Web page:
Every year a Canadian illustrator creates the official poster for Book Week: this year’s artist is Gabrielle Grimard, who created this year’s beautiful poster of books brought to life.
Gabrielle Grimard was born in 1975 in Montreal. Much to the dismay of her teachers in the early grades, Gabrielle was constantly drawing in class. For her, drawing was a way of keeping her concentration focused. Otherwise, she would spend all her time daydreaming. Gabrielle studied art, first in high school, then at Concordia, and finally at l’Université du Québec à Montréal (l’UQAM). Although Gabrielle took on many art projects after graduating, she did not start illustrating picture books until after the birth of her son. Her artwork appears in over 25 children’s books.
Gabrielle illustrated the award-winning picture books by Christy Jordan-Fenton and Margaret Pokiak-Fenton When I Was Eight and Not My Girl. For her latest book with Annick Press, Lila and the Crow (Fall 2016), Gabrielle is both the author and illustrator. You can learn more about Gabriellle and her art at her official website.
Sandra O’Brien, Editor for Canadian Children’s Book News, interviewed Gabrielle about the creation of the poster.
Explain the process you went through to create the image you designed for the 2018 TD Canadian Children’s Book Week poster.
The possibilities were virtually endless! “Bring Books to Life”
is such an open and free phrase that the first difficulty was
to choose an idea from all those that popped into my head.
The symbol of the tree always came back to me. The tree is
the symbol of life and the very source of the book. A child in
a tree? A child leaning against a tree, reading pages blowing
in the wind? A forest springing from a book? Then a garden
and its flowers, too… with all its colours.
I liked the idea that the children in the drawing were
actors who participated in bringing the book to life. A garden took all its meaning from this perspective. It brought me a
visual diversity that resembles the diversity present in the
choice of literature.
I sent out several sketches and let the CCBC choose. I
loved them all! The garden was selected!
Tell us about your training as an artist and how long you’ve
been working as a children’s illustrator.
I have been an illustrator for 16 years now! I started when I
had my son. I was a painter, a muralist, and these jobs often
took me away from home, or if I was at home the income
was uncertain. I got some good advice from illustrator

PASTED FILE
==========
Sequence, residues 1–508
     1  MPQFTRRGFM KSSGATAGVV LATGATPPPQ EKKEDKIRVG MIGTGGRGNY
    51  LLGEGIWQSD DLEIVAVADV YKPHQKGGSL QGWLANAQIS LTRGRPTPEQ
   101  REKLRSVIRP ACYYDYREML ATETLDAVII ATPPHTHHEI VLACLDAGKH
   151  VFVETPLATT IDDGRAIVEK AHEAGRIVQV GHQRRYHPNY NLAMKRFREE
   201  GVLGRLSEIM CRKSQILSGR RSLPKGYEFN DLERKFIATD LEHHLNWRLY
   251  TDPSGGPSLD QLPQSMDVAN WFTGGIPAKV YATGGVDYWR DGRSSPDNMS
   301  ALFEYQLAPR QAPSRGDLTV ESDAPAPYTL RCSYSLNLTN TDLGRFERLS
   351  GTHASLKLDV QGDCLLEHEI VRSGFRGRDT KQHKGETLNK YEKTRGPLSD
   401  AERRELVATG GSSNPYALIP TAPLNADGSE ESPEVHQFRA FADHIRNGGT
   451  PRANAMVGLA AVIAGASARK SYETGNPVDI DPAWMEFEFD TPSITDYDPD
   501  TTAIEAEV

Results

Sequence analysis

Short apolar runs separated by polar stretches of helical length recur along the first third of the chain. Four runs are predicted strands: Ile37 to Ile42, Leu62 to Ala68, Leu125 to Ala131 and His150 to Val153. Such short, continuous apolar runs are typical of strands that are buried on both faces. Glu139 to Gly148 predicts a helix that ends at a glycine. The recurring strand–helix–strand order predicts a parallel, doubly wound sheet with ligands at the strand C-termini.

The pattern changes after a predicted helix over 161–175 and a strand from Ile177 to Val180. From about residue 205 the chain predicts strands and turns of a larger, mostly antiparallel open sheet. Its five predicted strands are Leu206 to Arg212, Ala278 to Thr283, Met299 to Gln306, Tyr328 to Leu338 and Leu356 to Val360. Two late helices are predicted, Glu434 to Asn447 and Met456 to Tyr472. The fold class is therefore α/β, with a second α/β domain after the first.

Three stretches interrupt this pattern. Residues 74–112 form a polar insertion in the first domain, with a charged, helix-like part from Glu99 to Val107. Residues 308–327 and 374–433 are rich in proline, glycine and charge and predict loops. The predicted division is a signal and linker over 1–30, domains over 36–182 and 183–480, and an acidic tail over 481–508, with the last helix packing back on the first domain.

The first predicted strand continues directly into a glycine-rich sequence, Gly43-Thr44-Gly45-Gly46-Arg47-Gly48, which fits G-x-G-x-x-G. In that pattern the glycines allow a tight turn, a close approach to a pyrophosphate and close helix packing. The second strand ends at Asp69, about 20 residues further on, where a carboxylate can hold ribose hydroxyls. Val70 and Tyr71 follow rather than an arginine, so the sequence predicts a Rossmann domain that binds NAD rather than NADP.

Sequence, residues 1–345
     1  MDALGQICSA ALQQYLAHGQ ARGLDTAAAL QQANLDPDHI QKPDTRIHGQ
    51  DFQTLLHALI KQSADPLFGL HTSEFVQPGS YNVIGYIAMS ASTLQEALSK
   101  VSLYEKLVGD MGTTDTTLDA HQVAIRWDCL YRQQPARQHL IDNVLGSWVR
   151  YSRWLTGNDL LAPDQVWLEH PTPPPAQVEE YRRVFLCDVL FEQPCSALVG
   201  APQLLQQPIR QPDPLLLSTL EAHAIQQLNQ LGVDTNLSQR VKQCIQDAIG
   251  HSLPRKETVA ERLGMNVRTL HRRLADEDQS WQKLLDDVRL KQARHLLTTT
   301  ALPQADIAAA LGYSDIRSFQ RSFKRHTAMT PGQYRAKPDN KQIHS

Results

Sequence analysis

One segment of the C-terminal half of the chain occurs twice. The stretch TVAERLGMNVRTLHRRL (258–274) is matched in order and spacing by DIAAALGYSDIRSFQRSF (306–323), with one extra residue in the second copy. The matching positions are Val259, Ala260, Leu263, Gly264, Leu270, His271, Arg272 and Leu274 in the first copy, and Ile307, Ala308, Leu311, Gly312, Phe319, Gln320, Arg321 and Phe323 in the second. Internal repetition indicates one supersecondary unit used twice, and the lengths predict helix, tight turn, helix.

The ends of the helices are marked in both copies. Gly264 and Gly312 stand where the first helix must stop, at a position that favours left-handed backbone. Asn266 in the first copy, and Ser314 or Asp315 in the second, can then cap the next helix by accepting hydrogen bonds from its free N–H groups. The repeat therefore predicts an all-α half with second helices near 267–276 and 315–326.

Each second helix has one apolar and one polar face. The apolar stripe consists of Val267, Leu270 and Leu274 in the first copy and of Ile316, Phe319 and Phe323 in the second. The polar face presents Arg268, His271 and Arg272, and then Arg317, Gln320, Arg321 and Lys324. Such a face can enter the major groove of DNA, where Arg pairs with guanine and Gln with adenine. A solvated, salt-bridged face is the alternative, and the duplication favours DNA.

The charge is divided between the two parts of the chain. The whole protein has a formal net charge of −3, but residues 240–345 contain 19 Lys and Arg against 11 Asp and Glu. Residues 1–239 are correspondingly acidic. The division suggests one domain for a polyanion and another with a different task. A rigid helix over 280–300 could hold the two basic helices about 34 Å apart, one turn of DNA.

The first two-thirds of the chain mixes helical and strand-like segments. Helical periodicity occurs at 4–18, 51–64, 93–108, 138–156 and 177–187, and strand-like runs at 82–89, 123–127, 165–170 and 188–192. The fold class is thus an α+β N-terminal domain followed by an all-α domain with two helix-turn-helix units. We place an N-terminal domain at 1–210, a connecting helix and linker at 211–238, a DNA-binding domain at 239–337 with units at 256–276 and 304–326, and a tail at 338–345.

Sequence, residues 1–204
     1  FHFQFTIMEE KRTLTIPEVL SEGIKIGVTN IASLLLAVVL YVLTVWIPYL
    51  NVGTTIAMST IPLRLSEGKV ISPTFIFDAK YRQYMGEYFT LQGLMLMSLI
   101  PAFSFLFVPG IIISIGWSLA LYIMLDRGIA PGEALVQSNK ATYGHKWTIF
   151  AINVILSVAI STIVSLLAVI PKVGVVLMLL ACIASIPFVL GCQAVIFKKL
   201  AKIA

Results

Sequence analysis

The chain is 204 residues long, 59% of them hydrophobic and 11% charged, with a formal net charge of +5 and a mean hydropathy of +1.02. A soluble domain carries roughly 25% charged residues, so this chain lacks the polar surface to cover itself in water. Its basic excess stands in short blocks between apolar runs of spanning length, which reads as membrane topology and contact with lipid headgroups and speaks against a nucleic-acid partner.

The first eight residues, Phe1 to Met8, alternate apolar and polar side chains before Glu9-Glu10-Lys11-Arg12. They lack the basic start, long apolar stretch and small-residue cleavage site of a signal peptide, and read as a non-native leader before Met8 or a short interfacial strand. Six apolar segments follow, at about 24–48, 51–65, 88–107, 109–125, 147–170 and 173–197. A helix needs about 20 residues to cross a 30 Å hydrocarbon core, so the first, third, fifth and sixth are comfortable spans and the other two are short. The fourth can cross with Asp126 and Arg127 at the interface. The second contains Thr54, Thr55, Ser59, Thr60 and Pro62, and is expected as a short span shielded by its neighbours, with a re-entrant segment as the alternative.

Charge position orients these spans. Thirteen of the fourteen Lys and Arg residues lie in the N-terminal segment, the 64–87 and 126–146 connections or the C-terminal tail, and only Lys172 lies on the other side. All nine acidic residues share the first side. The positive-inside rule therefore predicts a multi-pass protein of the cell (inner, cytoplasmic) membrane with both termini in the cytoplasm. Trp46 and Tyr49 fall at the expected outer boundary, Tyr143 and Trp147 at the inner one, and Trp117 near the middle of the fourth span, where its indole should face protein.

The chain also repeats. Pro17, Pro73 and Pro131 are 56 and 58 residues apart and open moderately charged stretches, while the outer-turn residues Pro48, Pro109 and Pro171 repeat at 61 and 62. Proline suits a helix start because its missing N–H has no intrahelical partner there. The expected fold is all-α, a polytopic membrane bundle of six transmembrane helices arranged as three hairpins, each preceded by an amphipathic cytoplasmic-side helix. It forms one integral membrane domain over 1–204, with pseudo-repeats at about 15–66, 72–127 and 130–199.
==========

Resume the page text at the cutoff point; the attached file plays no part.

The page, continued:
friends like Simon Dupuis and Stéphane Poulin. I got the
urge to try it and it worked! And in addition, it was the youth
section that interested me the most; I now had a miniature
What or who inspires the illustrations you create?
Everything around me inspires me — my children, my
friends, my life. The infinitely big, but especially the infinitely
small! Colours, fabrics, landscapes, travels, the wind…
I discovered that I prefer to illustrate the wind! It is my
favourite muse! It is present in almost all my illustrations!
It’s my poetry.
Tell us about some of the projects you are currently working on.
I have just finished the fourth instalment of Le petit gnouf,
written by Dominique Demers, for Dominique et compagnie.
And I’m currently illustrating The Magic Boat by Kit Pearson
and Katherine Farris for Orca Book Publishers. This summer,
I’ll be working on a book for Pajama Press and I hope I’ll
have time to write another as I have two or three stories that
are knocking on my door.
You participated in the 2016 TD Canadian Children’s
Book Week Tour. Tell us a little bit about that experience.
When I participated in the TD Canadian Children’s
Book Week tour, I had the chance to go to Nunavut. What
a shock! No more trees! Just all that space around me and
I was breathing it all in! I learned about Inuit communities.
Their world is so different from ours. I had the feeling I was
in another country! But kids are beautiful and so free. I truly
enjoyed that experience and I only wish I could go back.
The Other Side of Eden by Hugh Brody became my friend
on this trip. Reading about something that is happening in
one of the most remote villages in Canada, like Pond Inlet,
and being there while you are reading it — that was a
treasure! I wish everybody could have that chance.